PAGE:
The below is taken from the
Lint Center Virtual Archive for National Security (LC-VANS)
The Lint Center for National Security Studies is committed to the preservation of histories of people involved in the shaping and development of US. National Security history as we know it today. The experiences of veterans, contractors, and civil service members involved in US N.S. are needed to not only to help us better understand our own history but to carry that knowledge forward for future generations.
The best story I have involved an incident during our convoy from Abqaiq to Rafha. I was the S4 NCOIC assigned to the 2/319th AFAR which was in support of the 82d’s 2d BDE Task Force.
During the convoy, at about 2am, on this super highway in the middle of the Saudi wasteland, there’s nothing but pitch blackness except for the dim illumination of our trucks headlights and the occasional passing motorist. Our vehicle intervals are stretched out to about 100 meters and we can barely make out who is ahead of us or who is behind us, except again, for the faint illumination of the lights of the trucks and our convoy manifest. We are tired and sleepy, having been driving for 20 hours or so.
Ahead in the distance, we can see the what appears to be the truck in front of us pulled off to the side, its canvas tarp engulfed in flames. The driver and assistant had already abandoned the vehicle, though I can’t recall if we took them in our truck to a safe distance or if someone else had. Regardless, the dry canvas tarp was already fully engulfed and had already begun engulfing the trucks contents. It turns out the truck was the ammo truck, loaded with a large cache of various types of ammunition).
According to the driver, a small white pickup truck had been driving near them, harassing them, when the ammo truck driver witnessed someone from the pick-up truck toss a type of incendiary device, a Molotov cocktail of kind, into the cargo area of the ammo truck, then sped off. We already pulled ahead to make sure everyone was alright and the area secured (fancy way of saying we stopped to watch the truck go down in flames).
It wasn’t long afterwards that the Saudi police arrived on the scene to secure the highway. Our convoy stopped for the duration, vehicles both military and civilian, held up on both sides of this super highway witnessing the single greatest fireworks display courtesy of the 2/319th AFAR. Over a two-hour period, you can see LAW rockets launching into the dark abyss that is the Saudi desert, small arms tracers streaking against the blackness, the report of demolitions, rounds, grenades exploding in a tremendous barrage that would put a Fourth of July celebration to shame. It was spectacular to say the least. That was our “terrorist” attack along one of the greatest convoys in military history.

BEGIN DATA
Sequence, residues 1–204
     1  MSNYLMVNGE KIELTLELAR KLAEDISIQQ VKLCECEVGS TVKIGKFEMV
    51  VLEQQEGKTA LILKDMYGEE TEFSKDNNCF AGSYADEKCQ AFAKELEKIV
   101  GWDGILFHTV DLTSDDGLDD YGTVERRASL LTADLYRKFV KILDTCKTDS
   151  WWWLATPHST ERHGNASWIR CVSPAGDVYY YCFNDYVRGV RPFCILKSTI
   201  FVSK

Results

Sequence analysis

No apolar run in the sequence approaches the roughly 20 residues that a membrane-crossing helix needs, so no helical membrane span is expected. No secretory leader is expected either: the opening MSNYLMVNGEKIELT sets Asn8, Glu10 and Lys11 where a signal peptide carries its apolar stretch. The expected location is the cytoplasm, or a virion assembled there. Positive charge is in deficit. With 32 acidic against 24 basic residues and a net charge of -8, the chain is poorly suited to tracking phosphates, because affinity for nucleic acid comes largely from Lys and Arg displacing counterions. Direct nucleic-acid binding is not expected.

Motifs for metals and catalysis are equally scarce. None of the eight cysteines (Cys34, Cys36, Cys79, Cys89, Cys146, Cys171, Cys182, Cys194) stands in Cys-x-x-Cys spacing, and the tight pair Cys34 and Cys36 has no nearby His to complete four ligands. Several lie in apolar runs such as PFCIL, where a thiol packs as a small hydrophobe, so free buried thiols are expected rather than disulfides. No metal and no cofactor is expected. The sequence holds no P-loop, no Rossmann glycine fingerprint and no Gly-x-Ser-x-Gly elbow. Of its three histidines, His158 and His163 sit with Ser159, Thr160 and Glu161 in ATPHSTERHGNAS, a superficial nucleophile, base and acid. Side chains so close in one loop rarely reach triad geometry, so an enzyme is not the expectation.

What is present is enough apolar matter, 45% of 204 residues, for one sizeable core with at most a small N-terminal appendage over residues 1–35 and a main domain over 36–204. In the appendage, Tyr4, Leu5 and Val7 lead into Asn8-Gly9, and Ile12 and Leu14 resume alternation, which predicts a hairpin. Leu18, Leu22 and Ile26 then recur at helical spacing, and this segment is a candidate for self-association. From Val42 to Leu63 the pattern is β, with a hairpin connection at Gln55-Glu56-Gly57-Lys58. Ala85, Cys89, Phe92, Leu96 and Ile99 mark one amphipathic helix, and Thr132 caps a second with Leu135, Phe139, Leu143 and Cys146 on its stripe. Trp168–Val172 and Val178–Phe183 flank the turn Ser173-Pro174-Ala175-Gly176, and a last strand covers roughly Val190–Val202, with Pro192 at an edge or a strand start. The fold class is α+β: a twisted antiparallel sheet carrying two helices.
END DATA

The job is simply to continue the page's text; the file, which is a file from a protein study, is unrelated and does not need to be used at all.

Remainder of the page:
As Paul Harvey would say, “now, for the rest of the story.” But, let me state up front, what I am about to say is speculation, not fact. This is my own opinion of what happened. At the time of the incident, having seen several small pickup truck passed by us, I was in no position to counter the drivers first hand report, nor would I. The report says we were attacked and I will stand by any statements I made.
However, back to Paul Harvey, the rest of the story: There was no terrorist attack. There was no pickup harassing the convoy. There was no incendiary device. It was the driver’s cigarette butt that caused this mishap. You see, with 2-1/2 ton trucks, when you throw your cigarette butt (or any trash) out the window, the air rushing past the cab turns back into the cargo area, drafting any debris with it into that space between the cab and the cargo area. I myself had this happen once and, incidentally, it happened not long after the convoy incident. I instantly remembered what happens when you toss a lit cigarette out the window of a moving truck, immediately stopped, and checked the canvas. I was not going to be the one to repeat what happened along that stretch of Saudi super-highway. Sure enough, the butt had blown back into that space and was stuck up against the tarp, already beginning to spark up. Had I continued driving I would have ignited the tarp just as if Bear Grylls was blowing on a spark to start a campfire to save his life.
I am sure the statute of limitations has long expired, all witnesses have now either retired or otherwise left the service, and, besides, like I said previously, the official report is as accurate as I can remember. But, for vets of DS/DS, you know my version is far more plausible than a terrorist attack (heck, every vet has a great story of some stupid mishap; we have to maintain our sense of humor through the turmoil). In Desert Storm, we did not experience the IED attacks that so many have been killed and injured by in OIF/OEF. In DS, our (82d) casualties were all non-combat related.
At the time, my name would have appeared as SSG (P) Douglas Vidakovich, S4 NCOIC, 2nd Bn, 319th Airborne Field Artillery (AFAR), 82nd Airborne Division.
SGM, US Army (Retired)
LC-VANS | The Lint Center Virtual Archive for National Security